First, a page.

However, I ended up somewhat disappointed with Pan’s Labyrinth. The problem had a good deal to do with both the critical/public reaction and the selling of the film. With Pan’s Labyrinth receiving so many awards as Best Foreign Language film of the year or being called the best fantasy film some people have ever seen, I fully expected to come out ready to rank it highly in this site’s Best of 2006 awards – but didn’t. The main problem is the way that Pan’s Labyrinth works as a fantasy film. In a problem that was also shared by Bridge to Terabithia, the promotional campaign for the film focuses on the creatures and gives one the expectation that they are going to see a fully developed secondary world fantasy a la Narnia, MirrorMask etc. However, Pan’s Labyrinth is a very different film to that – the bulk of the film (at least three-quarters of it) is focused on the real world happenings concerning Sergi Lopez’s Captain and the rebels in the forest. Just like The Devil’s Backbone, I came out of Pan’s Labyrinth unsure what kind of allegory that Guillermo Del Toro was trying to articulate.
In abovementioned works like Labyrinth, Narnia and MirrorMask, one is drawn into a complex secondary world of fully developed imagination. All of these are worlds that operate on their own rules. On the other hand in Pan’s Labyrinth, the bulk of the film’s focus is on the historical setting, not on the fantasy elements. We only get partial glimpses of the world of the Labyrinth and most importantly Guillermo Del Toro never explains any of the rules that this world operates on. Ofelia is bidden to do various things – go and use three stones to kill a giant frog that lives in the base of a tree, to venture down into the room of the Pale Man and not eat anything, that she must sacrifice the innocent blood of her baby brother. However, it is never clear why she must do any of these things other than the arbitrariness of the script saying that she must. Her quest never seems to have any bearing (directly or allegorically) on any of the events in the real world, which seems a failing of Pan’s Labyrinth as fantasy especially in that the bulk of the story is concerned with the Captain’s treatment of the rebels. We are also told Ofelia is the Princess Moanna but this has no connection to the rest of the story.
In fact, when the film reaches its end we are not even sure that any of the aspects of the Labyrinth are real or simply in Ofelia’s imagination. At the climax, she runs to the heart of the labyrinth and confronts the faun but when the Captain arrives and finds her there moments later he sees nothing, which suggests that the elements of the labyrinth are all in Ofelia’s head. Yet this is contradicted at other times and aspects of the labyrinth have a direct effect on the real world – Ofelia is able to pass between rooms using the chalked door; the mandrake root affects her mother’s health and she collapses as soon as it is destroyed. For all its claim as a great fantasy film, Pan’s Labyrinth is in fact an anti-fantastic film when it comes to the ending – one where Guillermo Del Toro seems to say that fantasy is only in the imagination and that no matter what magic lies in an alternate world (be it real or imagined), the brutality of the real world crushes everything.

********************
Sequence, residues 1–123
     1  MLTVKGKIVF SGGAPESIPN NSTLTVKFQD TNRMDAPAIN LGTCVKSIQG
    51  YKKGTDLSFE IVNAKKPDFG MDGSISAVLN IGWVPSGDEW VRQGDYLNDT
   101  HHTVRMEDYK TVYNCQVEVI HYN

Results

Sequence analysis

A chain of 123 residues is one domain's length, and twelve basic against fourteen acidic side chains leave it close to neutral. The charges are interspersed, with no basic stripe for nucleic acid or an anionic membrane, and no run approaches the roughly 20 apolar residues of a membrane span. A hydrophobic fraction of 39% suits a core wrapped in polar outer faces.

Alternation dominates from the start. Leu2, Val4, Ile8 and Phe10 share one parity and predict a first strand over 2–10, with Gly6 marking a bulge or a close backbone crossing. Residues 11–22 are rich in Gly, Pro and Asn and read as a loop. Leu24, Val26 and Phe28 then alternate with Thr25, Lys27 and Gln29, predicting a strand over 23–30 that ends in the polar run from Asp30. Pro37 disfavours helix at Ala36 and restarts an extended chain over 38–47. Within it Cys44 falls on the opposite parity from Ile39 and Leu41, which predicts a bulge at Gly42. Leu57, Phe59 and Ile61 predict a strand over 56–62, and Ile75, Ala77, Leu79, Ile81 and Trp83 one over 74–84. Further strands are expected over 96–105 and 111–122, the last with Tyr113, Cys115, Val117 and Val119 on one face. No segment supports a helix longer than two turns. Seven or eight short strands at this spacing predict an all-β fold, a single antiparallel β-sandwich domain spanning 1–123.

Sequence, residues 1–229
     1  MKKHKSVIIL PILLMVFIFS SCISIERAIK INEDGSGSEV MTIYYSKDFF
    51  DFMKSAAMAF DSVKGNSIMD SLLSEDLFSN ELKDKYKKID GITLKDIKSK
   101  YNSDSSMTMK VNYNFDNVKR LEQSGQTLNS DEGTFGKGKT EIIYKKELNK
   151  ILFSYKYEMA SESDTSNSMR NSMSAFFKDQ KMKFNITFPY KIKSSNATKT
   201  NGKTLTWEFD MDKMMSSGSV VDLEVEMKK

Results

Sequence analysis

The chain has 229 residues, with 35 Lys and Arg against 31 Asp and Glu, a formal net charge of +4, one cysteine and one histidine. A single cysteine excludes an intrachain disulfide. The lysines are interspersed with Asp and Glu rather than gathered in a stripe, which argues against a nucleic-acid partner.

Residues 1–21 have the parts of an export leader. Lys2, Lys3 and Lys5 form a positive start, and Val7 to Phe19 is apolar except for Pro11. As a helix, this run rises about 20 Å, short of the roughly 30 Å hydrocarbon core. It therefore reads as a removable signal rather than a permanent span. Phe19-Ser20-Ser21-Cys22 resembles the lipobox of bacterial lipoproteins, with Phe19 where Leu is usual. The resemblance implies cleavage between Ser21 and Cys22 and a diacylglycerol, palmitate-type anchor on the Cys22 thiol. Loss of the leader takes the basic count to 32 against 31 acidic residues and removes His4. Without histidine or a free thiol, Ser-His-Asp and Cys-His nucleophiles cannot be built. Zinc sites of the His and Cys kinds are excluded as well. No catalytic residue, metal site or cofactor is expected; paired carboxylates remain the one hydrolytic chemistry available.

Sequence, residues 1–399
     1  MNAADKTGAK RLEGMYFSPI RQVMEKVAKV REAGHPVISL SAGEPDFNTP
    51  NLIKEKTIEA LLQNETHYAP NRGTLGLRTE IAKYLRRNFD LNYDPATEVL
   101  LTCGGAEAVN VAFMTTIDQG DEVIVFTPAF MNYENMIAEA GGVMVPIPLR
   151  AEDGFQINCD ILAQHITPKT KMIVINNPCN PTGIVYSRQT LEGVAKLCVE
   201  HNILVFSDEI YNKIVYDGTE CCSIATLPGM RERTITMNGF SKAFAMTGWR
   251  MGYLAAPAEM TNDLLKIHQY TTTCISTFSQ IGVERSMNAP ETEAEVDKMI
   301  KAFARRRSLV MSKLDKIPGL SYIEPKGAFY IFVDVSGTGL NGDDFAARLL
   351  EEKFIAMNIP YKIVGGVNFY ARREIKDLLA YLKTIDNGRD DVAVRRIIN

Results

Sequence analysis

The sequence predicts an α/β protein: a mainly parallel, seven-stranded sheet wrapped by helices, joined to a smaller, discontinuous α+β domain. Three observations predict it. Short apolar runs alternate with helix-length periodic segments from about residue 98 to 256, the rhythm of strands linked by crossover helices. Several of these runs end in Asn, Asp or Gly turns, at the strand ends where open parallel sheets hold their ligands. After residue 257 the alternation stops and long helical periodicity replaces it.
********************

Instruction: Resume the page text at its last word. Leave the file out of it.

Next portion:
Pan’s Labyrinth feels like two different films – one that seems to be wanting to open up into a secondary world fantasy a la Narnia et al but doesn’t quite and in the end ends up denying it, and another film that is an historical drama about the Spanish Civil War. Indeed, Pan’s Labyrinth feels like nothing more than an awkward attempt to blend The Lion, the Witch and the Wardrobe and the Spanish Civil War drama For Whom the Bells Toll (1943). You could have taken all of the fantasy elements out of Pan’s Labyrinth and the Spanish Civil War story would still have stood on its own. Yet one cannot help but think that were the Spanish Civil War story told on its own, Pan’s Labyrinth would not have been a particularly remarkable film. There does not feel anything to the portrayal of Sergi Lopez’s Captain, the rebels and the various betrayals in the household that has not been covered by say the thoroughly worked over genre of the World War II/Nazi resistance drama.
Subsequent to the success of Pan’s Labyrinth, Guillermo Del Toro was connected to a host of projects, including The Hobbit movies for Peter Jackson, finally ending up with co-screenwriting credit on the finished trilogy The Hobbit: An Unexpected Journey (2012), The Hobbit: The Desolation of Smaug (2013) and The Hobbit: The Battle of the Five Armies (2014), and an adaptation of H.P. Lovecraft’s At the Mountain of Madness but both of these ended up in problems. He next went on to direct the giant robots film Pacific Rim (2013), the ghost story Crimson Peak (2015) and the amphibian man romance The Shape of Water (2017), which won Del Toro an Academy Award as Best Director, and the fake clairvoyant film Nightmare Alley (2021).
Del Toro also wrote/produced Don’t Be Afraid of the Dark (2011) and Scary Stories to Tell in the Dark (2019) and co-wrote The Hobbit: An Unexpected Journey (2012), The Hobbit: The Desolation of Smaug (2013), The Hobbit: The Battle of the Five Armies (2014) and The Witches (2020). Del Toro has also produced other genre works like Chronicles (2002), Hellboy Animated: Sword of Storms (2006), Hellboy Animated: Blood and Iron (2007), The Orphanage (2007), While She Was Out (2008), Julia’s Eyes (2010), Splice (2010), Kung Fu Panda 2 (2011), Puss in Boots (2011), Rise of the Guardians (2012), Mama (2013), The Book of Life (2014), Kung Fu Panda 3 (2016), Pacific Rim: Uprising (2018) and Antlers (2021), as well as the tv series The Strain (2014-7) based on his novel.